Written by Washington Foster Team
There’s a lot of information on our site and elsewhere about being a foster parent. One of our favorites is an article titled “31 Things I’ve Learned About Foster Care”.
In the article, writer Amanda offers an exhaustive look at her own experience of being a foster parent for the first time. Some of what she writes is simple, good advice, such as making sure you have a support group, and some of it is practical, such as how to approach supervised visits from social workers or others involved in the child's life. It’s all worth reading.
That being said, there are some things we want to emphasize about being a foster parent — some of which are not covered in Amanda’s article.
1. Be Flexible
Flexibility is extremely important when working within the foster care system. Be ready for hoops to jump through, appointments to keep, and check-ins from social workers and therapists.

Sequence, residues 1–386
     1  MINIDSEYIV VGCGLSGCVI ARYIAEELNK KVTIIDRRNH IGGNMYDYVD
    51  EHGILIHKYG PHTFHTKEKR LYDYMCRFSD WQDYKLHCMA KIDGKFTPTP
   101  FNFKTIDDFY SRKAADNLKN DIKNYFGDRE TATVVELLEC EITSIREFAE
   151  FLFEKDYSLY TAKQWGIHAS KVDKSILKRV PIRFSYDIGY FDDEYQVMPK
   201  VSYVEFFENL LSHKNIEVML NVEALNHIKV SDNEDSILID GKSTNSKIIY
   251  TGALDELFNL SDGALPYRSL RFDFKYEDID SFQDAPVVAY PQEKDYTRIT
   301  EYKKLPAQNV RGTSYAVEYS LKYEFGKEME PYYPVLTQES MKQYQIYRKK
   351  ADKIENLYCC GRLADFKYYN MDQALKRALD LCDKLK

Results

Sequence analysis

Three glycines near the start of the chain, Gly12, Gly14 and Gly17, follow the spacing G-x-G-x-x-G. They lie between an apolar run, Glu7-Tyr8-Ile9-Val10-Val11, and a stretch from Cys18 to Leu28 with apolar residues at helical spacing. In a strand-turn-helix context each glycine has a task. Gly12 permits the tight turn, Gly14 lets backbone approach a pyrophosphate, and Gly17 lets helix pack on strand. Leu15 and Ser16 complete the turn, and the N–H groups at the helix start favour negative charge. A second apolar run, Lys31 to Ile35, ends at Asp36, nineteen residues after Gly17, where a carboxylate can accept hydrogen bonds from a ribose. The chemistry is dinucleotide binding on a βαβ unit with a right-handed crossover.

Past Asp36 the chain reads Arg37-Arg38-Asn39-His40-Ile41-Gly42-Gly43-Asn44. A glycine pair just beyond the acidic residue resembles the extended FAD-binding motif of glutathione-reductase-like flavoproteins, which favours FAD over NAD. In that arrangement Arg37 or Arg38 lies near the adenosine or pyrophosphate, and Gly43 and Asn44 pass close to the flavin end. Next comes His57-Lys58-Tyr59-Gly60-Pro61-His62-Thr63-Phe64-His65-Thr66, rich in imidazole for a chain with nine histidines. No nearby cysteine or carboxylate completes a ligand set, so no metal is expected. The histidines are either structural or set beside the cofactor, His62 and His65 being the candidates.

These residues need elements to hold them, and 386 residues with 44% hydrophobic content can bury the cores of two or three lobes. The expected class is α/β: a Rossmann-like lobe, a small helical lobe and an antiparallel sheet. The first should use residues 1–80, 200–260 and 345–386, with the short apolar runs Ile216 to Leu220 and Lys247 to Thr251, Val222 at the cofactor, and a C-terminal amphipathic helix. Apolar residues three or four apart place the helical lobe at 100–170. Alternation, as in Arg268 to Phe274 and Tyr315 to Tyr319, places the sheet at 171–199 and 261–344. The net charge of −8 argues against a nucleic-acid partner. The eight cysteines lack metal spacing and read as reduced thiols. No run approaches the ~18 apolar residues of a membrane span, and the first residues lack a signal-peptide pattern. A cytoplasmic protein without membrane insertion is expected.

2. Be Willing To Collaborate Often
When so many people are involved, collaboration is the only way to ensure the foster child gets the quality of care they deserve. Expect to work with all types of people and personalities.
3. Take Care Of Yourself
Self-care is important, since parenting a child in foster care can get difficult and sometimes emotional. Make sure to make time for yourself. The only way you can take care of a foster child’s needs is if you’re meeting your own.
4. Advocate For Your (Foster) Child
Advocacy for the foster child is critical. You need to make sure their needs are met at school and at home, and that they have access to the services they need.
5. Maintain Emotional Control
Emotional regulation is necessary to provide a stable environment for your foster child. Keep your emotions in check, have patience, and remember you have support.
For more information and advice on foster parenting, download our free resource The Essential Guide To Becoming A Foster Parent In Washington State.